Balnacra Arts & Pottery by Vicky Stonebridge

Basketry binge

It was all about the baskets in February. I had organised a couple of basket weaving courses as part of what I do with the Lochcarron Community Development Company for their Adult Education programme. I love basket weaving, the skills are pleasurable to try & work out, techniques, patterns, counting and just where to push which fingers. I love working with the willow, and creating forms. I love the smell and feel of it, and I love having useful baskets that I’ve made gradually replacing plastic crates and containers. Usually when I’ve organised for Monique Bervoets to come over and run a course, I am too busy to attend them myself which is frustrating, so I made sure that I had free time for these ones. First was a beginners to intermediate course, a round basket with handle. I wanted to make a shallow open basket for day to day carrying things around. I hate hand bags, because of all the rummaging for lost items, baskets are great for throwing things in or out of. I started the base with some quite chunky willow base sticks so everything scaled up from what I pictured, but the result was a very useful basket. It ended up Oval looking despite a circular base. To do this I worked the shape as I wove & took the end uprights our of the supporting hoop to help create shallow sloping ends
Here it is after the border has been done, this can be the most tricky technical bit, the pattern is confusing and if the uprights are too thick or too dry it is difficult.20150215_165528 Here it is with the handle wrapped & ends snipped off.
There was some willow left over from this class, so I took it home to use up. The pressure was on, because it would dry out in 3 or 4 days, I had a lot of other work on & the house was full of renovation chaos.
The first one was a small square basket. I hadn’t had any tuition on square baskets at this point, and have worked out a few methods from looking at baskets in shops & pictures in books. Square ones are great for storage, stacking and in this case to display art prints or cards in. It started to go wrong however when i came to the end & laying down the border, as the upright sticks had dried out faster than expected and started to snap on me which was frustrating! So i put all the willow back in the bath to soak. Soaking it more than once like this can result in a loss of pliability & the bark coming off. Over the week I got the feel of when the willow needed to come out, or go back in.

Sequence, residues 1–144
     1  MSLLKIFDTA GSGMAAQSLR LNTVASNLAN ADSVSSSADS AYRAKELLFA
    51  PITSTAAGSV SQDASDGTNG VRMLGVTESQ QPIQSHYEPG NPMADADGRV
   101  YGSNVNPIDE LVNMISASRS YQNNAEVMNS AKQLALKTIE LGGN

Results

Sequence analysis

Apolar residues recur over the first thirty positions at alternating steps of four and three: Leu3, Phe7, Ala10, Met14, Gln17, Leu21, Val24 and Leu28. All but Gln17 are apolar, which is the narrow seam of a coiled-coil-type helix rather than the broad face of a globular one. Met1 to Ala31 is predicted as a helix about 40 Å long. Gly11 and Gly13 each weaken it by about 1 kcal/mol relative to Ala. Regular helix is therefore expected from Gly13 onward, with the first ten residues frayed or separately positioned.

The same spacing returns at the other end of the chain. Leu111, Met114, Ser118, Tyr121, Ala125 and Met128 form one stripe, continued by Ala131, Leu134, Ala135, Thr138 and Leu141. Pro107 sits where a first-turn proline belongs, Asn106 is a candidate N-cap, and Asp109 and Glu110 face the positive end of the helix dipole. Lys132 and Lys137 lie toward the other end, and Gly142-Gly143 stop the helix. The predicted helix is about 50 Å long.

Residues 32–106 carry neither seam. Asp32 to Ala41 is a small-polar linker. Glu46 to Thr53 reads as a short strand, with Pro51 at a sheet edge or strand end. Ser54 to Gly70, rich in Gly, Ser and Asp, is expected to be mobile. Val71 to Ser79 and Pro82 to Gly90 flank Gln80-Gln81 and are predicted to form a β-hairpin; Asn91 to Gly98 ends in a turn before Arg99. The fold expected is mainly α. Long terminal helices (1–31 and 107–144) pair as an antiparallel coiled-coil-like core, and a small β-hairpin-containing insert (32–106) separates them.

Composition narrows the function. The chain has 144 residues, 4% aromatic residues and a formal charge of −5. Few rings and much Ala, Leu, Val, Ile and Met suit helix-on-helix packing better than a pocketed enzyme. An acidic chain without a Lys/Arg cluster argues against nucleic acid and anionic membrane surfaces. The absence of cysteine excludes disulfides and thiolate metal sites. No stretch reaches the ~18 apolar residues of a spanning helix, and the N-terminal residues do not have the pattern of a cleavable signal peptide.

I wanted a very shallow wide basket to display items on cards, like buttons or jewellery on, this one lost it’s shape a bit, the base sticks too chunky. I used an Oval base I’d made a year or so before, simply soaking the base to make it workable. So much of willow weaving is the right materials for the job, as I am learning slowly, any old sticks from the garden will give you problems.

Next, My mother asked for a kindler basket 12″ wide at base & about 14″ high. This was my first challenge of making something exactly one size, I was also running out of the weavers to go in & out, so i planned using some birch from the garden and making some open shapes to save materials. I made a lovely big base, exactly 12″. But as soon as I added the uprights and started the wale, the first weave to give it a strong foot and go up the way, the basket added a couple of inches. When it got to 14″ high it looked too dumpy, so I carried on and made the proportions look right to my eyes. having a play with a band of birch and some open shapes. Because it was too big for my Mothers mantelpiece, I did a swap with a basket I’d made earlier and we are now using this one for our kindlers.20150223_18491220150223_20012520150223_200051